August 18th, 2004
Who'da thunk / a or an SST? / horrific
by Barbara Wallraff
Mary Montgomery, of Grand Blanc, Mich., writes: “Is there really a word ‘thunk,’ as in ‘Who would have thunk?’ I have heard TV newscasters say it several times. At first I thought they were being silly, but not so.”
Dear Mary: In recent newspaper articles I turned up for you, both the mystery writer Sue Grafton and a senior economic analyst for the Philadelphia Federal Reserve Bank are quoted as saying “thunk” like that. Newspaper reporters and columnists use the word too. Maybe they are being silly -- just a bit -- or else folksy. Dictionaries call the word (when it doesn’t refer to a thudding sound) jocular, humorous, informal, nonstandard or dialect.
Josh Mandel, of Albany, N.Y., writes: “When preceding an acronym with the word ‘a’ or ‘an,’ what rule applies? If I am, for instance, writing about the SST, would I use ‘an SST’ (which assumes that the acronym is pronounced ‘ess ess tee’), or ‘a SST’ (which assumes that the acronym is pronounced ‘supersonic transport’)?”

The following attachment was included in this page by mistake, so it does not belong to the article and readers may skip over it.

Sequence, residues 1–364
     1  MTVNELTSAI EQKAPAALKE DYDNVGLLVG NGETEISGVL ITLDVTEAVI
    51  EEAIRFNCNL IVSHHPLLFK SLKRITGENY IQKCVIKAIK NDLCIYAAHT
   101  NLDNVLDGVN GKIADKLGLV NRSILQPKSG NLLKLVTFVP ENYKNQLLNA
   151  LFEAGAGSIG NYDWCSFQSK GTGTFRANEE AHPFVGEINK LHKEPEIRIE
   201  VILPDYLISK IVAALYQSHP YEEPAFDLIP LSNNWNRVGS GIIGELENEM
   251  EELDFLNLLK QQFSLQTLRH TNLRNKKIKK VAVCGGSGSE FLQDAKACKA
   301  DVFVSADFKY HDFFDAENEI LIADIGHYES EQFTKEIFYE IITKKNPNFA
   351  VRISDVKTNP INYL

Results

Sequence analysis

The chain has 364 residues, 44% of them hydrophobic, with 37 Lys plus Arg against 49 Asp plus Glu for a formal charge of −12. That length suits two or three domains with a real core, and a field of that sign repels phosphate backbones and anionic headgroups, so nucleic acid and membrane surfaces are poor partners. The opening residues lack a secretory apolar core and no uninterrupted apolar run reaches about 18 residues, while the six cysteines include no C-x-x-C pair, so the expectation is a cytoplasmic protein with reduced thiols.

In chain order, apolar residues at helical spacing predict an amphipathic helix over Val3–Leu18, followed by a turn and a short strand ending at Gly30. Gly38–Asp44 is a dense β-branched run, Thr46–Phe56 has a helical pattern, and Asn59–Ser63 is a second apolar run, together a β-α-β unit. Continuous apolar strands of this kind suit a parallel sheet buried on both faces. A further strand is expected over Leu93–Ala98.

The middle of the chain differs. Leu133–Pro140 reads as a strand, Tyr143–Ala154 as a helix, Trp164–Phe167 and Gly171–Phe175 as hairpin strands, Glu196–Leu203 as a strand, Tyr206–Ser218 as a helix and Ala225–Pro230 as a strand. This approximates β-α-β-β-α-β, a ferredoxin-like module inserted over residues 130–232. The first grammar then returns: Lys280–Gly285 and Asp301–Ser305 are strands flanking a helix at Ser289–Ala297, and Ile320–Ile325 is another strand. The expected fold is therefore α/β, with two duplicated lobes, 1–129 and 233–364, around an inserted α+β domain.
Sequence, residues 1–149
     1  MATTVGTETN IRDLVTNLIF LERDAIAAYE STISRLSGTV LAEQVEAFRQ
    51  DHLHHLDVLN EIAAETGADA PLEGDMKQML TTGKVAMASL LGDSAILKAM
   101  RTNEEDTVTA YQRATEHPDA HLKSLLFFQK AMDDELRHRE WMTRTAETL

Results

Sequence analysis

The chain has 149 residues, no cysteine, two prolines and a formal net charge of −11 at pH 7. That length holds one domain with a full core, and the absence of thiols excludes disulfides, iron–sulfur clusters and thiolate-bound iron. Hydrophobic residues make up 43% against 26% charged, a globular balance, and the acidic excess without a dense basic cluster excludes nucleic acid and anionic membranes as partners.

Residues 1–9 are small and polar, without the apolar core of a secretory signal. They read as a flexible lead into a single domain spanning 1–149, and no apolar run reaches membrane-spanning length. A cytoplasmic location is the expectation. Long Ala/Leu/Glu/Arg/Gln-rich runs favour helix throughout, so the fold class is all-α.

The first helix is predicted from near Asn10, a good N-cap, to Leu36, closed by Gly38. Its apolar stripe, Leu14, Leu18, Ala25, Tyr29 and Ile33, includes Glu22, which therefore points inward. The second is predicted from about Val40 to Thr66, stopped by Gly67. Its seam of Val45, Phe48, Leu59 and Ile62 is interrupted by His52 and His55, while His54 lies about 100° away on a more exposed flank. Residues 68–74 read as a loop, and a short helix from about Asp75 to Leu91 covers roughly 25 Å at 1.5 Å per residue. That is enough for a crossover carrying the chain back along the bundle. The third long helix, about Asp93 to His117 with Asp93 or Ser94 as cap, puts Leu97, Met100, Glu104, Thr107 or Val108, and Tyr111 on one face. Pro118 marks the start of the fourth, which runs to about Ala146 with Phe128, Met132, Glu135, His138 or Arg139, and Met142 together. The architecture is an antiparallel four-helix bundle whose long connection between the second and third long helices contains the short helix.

Dear Josh: Readers usually “hear” in their heads what they see in front of them. So if you want people to assume that what you’ve written is pronounced “supersonic transport,” that’s the way to write it -- and, of course, use “a”: “a supersonic transport.” But if you’ve written “SST” or anything else that begins with a vowel sound, it takes “an.” Never mind whether the first letter is a vowel; the point is the vowel sound. Anything that begins with a consonant sound takes “a.” So “an SST” but “a European-made SST.”
Terry Hofman, of Seattle, writes: “What’s with the use of ‘horrific’ in modern media? I used it once in sixth grade (35 years ago) and was reprimanded by my teacher for making up the word.”
Dear Terry: I have enormous respect for the job teachers do -- but nobody’s perfect. You didn’t invent “horrific.” I have a little 1836 Dictionary for Primary Schools, by Noah Webster, that includes the word. It defines “horrific” as “causing horror or dread.” And according to the Oxford English Dictionary, “horrific” or, earlier, “horrifick” has been part of the English language since the 1600s.
© Copyright 2003 by Barbara Wallraff. Reprints require prior permission. All rights reserved.